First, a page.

In Android, you can do something similar by firing off a PICK intent with the right URL and content type. Normally the built-in Contacts application would handle the requests and return the results to you, but you can also write your own app that handles it instead.

If you need a low level interface to the address book database, a special C-language interface is available on the iPhone. Access is direct and unprotected, so a malicious app could read all your contacts and do something with them, even shuffle them around or delete them. Hopefully such a program would never make it through the App Store vetting process.

In Android, Contacts can be accessed through the standard Content Providers API. A Content Provider lets you share information (in this case, names and addresses) between two Android programs. The provider and the client that consumes it are running at the same time. The interface is similar to SQL, and data is returned in a Cursor object. From that you can read columns (name, date, etc.) and advance to the next row. You can submit modification requests. All access is through the Content Providers API and is tightly controlled. To access Contacts, for example, you have to ask for the READ_CONTENTS permission in your manifest. When somebody installs your application, the Android installer lists all the permissions you're requesting and asks the user if they really want to allow that.

Next: Preferences, Networking > Preferences

One thing that threw me right away is that the iPhone API uses the term "Defaults" to refer to application settings or preferences. To me, default means a value you use if the user didn't specify a setting. The iPhone API calls those "Factory defaults". Now that that's out of the way...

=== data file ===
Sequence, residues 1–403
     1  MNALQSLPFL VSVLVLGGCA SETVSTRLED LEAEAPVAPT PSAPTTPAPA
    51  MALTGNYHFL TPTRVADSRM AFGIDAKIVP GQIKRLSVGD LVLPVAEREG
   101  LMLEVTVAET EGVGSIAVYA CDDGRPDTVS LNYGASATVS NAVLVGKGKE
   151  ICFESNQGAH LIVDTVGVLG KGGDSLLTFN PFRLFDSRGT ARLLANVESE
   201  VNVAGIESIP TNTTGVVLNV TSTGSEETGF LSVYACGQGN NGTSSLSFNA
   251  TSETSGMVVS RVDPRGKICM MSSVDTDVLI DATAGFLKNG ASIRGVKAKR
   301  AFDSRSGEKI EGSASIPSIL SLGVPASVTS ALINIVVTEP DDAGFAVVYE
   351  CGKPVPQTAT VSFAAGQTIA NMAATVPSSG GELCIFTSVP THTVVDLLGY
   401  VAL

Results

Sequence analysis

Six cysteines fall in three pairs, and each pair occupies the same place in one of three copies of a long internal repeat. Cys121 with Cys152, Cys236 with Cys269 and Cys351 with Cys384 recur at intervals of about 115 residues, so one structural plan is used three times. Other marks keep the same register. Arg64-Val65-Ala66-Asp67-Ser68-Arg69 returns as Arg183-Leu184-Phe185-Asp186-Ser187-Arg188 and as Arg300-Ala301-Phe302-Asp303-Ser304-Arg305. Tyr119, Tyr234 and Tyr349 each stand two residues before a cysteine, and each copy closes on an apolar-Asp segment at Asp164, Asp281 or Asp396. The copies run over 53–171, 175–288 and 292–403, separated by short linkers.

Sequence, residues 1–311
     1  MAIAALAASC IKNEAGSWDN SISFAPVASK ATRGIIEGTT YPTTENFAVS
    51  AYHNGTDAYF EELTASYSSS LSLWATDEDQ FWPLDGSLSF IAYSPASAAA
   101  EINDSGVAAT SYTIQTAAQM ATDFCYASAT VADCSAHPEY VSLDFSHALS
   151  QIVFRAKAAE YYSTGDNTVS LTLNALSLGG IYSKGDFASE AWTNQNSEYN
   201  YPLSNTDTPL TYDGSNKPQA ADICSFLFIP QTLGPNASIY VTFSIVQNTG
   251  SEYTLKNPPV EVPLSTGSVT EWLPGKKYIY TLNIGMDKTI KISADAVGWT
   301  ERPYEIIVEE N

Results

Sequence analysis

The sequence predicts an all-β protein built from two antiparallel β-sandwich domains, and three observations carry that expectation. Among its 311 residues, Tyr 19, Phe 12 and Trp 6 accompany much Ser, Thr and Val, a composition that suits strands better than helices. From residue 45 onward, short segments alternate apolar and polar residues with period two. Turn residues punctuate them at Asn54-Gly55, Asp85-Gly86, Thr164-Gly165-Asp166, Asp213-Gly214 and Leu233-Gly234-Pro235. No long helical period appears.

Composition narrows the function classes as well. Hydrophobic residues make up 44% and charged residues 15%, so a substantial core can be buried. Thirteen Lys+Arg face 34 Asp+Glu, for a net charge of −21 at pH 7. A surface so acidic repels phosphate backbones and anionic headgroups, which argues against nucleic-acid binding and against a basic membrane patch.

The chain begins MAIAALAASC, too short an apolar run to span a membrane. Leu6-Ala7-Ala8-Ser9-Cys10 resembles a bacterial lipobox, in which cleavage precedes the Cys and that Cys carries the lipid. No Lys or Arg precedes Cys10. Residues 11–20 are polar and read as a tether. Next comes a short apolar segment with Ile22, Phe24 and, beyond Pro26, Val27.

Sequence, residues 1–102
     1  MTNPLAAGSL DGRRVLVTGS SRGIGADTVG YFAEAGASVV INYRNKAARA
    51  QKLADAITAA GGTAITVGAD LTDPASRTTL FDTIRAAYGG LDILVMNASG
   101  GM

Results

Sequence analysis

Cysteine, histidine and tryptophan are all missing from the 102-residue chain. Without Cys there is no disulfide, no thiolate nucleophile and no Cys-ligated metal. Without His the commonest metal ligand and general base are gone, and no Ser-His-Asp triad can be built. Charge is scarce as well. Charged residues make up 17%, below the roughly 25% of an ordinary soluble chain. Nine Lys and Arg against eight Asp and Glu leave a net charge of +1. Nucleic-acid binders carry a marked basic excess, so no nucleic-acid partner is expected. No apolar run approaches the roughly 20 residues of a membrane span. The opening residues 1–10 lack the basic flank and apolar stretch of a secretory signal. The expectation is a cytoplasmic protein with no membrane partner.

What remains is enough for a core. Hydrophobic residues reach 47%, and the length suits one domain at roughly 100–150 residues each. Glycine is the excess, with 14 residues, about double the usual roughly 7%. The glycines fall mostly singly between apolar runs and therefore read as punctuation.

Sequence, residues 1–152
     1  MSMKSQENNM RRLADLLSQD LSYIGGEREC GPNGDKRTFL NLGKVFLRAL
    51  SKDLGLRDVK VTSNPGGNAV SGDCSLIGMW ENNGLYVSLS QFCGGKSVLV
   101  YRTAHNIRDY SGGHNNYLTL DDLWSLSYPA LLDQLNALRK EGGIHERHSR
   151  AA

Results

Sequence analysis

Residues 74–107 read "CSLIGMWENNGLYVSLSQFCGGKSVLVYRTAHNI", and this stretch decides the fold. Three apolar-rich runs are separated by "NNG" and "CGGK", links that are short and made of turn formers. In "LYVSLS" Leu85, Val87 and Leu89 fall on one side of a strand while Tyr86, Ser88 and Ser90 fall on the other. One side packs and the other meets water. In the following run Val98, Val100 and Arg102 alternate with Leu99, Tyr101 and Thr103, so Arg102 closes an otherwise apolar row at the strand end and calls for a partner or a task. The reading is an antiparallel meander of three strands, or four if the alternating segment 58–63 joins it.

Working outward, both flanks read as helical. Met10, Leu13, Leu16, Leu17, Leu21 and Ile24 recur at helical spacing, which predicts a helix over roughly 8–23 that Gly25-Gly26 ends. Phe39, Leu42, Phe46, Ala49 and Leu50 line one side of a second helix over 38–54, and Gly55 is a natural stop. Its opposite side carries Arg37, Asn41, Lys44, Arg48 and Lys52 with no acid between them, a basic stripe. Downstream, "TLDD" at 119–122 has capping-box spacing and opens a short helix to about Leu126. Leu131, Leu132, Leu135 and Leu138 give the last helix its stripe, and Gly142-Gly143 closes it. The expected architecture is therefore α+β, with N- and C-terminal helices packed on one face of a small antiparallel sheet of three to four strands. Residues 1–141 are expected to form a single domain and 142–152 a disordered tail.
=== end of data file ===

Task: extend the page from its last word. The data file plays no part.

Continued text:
The iPhone has a built in program, ironically called "Settings", which the user can invoke to change any system or applications preferences. To get listed on this screen, you create an XML file named Root.plist which contains a PreferenceSpecifiers tag with an array of all your, um, settings. The Settings app understands certain preference types in there, such as PSToggleSwitchSpecifier for a yes/no button, and will create a user interface screen listing all the things the user can set.

In your iPhone program when you want to read the value of a preference you use the NSUserDefaults:standardUserDefaults method to get a pointer to the preferences object and then call methods such as boolForKey or stringForKey to read specific values. The key is just a string you make up. There is some extra complexitity involved in figuring out this is the first time your app has run and initializing the factory defaults. In the class example we opened and read the Root.plist file so we didn't have to specify the factory default values twice.

Android preferences are also defined in an XML file (res/xml/settings.xml), although like the iPhone you can define them in code if you really want to. Android will create the user interface for the preferences screen automatically, but it does this at your request *inside your program*. On Android there is no centralized preferences application shared by all programs. Contrast this with the iPhone where there is no way to show your preferences screen from within your program (it *only* shows in the system's Settings app).